Nothing new under the sun


H A Guerber The Myths of Greece and Rome
Introduction W M S Russell
Wordsworth Editions 2000

The late W M S Russell, Professor Emeritus of Sociology at the University of Reading, was a modern-day polymath: classicist, sociologist, biologist (he helped formulate the principle of the three Rs of humane animal experimentation: Reduction, Replacement and Refinement), folklorist (former President and Secretary of the Folklore Society), radio quiz panellist (a sometime stalwart of Round Britain Quiz), raconteur, singer, novelist… Well, you get the picture. I was privileged to be a longtime correspondent of his, and while I never had the opportunity to meet up with him in person I knew him from phone conversations to be knowledgeable, personable and friendly. His premature death was a great sadness to me personally and a loss to his many friends and acquaintances generally.

Bill Russell provided a new introduction to this re-issue, Continue reading “Nothing new under the sun”

Traditional and other lore

Victorian Christmas Mummers Play
Victorian Christmas Mummers Play

Jacqueline Simpson and Steve Roud
A Dictionary of English Folklore

Oxford University Press 2001 (2000)

For me the best reference books are those which not only provide a entry matching your initial query but which also encourage you to browse and read other not always related entries. This Oxford Dictionary does it for me on both counts: authoritativeness and readability. Folklore here is rightly interpreted as including aspects of modern popular culture as well as topics beloved of antiquarians.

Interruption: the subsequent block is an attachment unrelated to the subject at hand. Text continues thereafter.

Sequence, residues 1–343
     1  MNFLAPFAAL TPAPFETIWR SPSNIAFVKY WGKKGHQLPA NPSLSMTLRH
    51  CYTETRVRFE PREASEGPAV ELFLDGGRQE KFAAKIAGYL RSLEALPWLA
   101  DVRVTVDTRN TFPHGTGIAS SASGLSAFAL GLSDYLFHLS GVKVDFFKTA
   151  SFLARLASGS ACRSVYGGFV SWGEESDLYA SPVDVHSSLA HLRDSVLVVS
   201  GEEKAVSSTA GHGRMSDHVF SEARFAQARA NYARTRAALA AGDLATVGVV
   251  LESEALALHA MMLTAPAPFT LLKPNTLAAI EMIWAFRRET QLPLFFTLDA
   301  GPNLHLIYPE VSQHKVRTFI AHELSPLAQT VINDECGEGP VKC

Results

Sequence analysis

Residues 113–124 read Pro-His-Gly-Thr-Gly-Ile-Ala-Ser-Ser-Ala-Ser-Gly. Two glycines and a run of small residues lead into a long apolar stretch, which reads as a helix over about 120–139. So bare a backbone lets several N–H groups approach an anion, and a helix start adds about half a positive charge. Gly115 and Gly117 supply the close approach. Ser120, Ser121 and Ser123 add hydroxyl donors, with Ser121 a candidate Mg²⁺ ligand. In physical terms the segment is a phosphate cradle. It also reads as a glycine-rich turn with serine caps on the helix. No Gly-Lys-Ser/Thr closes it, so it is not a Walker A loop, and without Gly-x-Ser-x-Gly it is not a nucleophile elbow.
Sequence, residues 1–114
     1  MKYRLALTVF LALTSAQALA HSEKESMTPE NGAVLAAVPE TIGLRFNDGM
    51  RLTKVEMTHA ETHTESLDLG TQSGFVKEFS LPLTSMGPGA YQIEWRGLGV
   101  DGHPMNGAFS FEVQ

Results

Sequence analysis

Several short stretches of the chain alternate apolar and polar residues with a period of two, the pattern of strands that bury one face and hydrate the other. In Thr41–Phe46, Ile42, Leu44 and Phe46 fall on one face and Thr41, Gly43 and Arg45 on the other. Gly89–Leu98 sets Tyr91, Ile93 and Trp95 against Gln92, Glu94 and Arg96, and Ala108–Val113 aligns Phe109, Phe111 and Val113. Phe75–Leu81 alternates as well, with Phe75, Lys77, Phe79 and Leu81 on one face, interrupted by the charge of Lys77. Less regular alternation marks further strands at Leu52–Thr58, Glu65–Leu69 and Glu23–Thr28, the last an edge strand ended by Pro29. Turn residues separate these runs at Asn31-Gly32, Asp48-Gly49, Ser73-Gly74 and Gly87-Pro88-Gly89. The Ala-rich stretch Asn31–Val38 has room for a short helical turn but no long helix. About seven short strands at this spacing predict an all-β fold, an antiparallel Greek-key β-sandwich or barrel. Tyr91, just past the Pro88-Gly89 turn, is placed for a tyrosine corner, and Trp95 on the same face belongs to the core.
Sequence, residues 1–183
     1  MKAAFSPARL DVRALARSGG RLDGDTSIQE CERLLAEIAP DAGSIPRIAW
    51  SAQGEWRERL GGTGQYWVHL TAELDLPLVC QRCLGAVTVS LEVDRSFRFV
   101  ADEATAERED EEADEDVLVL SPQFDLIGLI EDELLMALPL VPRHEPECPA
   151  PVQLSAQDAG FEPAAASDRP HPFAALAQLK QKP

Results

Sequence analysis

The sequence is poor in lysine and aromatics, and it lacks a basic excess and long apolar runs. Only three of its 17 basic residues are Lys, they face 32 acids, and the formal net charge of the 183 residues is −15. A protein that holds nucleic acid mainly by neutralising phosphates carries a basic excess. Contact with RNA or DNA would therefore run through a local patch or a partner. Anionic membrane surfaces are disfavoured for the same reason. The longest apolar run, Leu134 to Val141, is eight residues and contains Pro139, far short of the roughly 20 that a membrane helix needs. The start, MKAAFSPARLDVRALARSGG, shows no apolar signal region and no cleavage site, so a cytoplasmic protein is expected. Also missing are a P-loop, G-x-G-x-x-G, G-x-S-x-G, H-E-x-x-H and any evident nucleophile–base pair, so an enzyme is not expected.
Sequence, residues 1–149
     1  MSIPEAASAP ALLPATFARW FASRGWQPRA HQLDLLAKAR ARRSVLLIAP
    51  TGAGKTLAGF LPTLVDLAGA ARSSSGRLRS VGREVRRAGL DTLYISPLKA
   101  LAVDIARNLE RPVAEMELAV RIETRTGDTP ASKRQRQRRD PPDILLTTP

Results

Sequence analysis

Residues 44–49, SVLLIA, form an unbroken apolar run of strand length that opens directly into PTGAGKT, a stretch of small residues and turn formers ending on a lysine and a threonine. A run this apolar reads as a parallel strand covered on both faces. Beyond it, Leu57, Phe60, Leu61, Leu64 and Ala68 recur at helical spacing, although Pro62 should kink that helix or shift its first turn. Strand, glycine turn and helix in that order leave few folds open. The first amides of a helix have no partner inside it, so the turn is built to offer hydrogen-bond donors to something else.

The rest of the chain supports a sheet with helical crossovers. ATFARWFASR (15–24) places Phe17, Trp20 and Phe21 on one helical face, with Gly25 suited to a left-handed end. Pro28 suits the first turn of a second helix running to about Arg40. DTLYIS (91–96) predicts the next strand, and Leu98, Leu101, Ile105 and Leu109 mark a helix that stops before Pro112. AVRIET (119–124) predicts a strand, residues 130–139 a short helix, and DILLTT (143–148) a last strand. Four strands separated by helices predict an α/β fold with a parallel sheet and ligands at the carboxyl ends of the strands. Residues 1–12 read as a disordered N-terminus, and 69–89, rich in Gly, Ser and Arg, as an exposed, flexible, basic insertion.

Authored by two stalwarts of the Folklore Society — who should then know what they are talking about — the Dictionary contains over 1250 entries covering a wide range of topics including seasonal customs, traditional tales, superstitions and beliefs. Key figures involved in the recording of lore are noted here, and evidence presented that folklore is part of a continually evolving process. What makes this book particularly worthwhile is that not all so-called traditional lore is accorded uncritical acceptance, a plus for any truth-seeker when Victorian speculation about origins and meaning often became spurious fact.

For those wanting more there are relevant references and a bibliography, and in common with many in this Oxford reference series, pretty pictures are excluded in favour of more text. Sometimes this is a disadvantage but in this case I’d rather have more entries than a limited number of select and maybe unrepresentative illustrations. (Having said which, I include a curious photo of 19th-century mummers acting out their seasonal play.)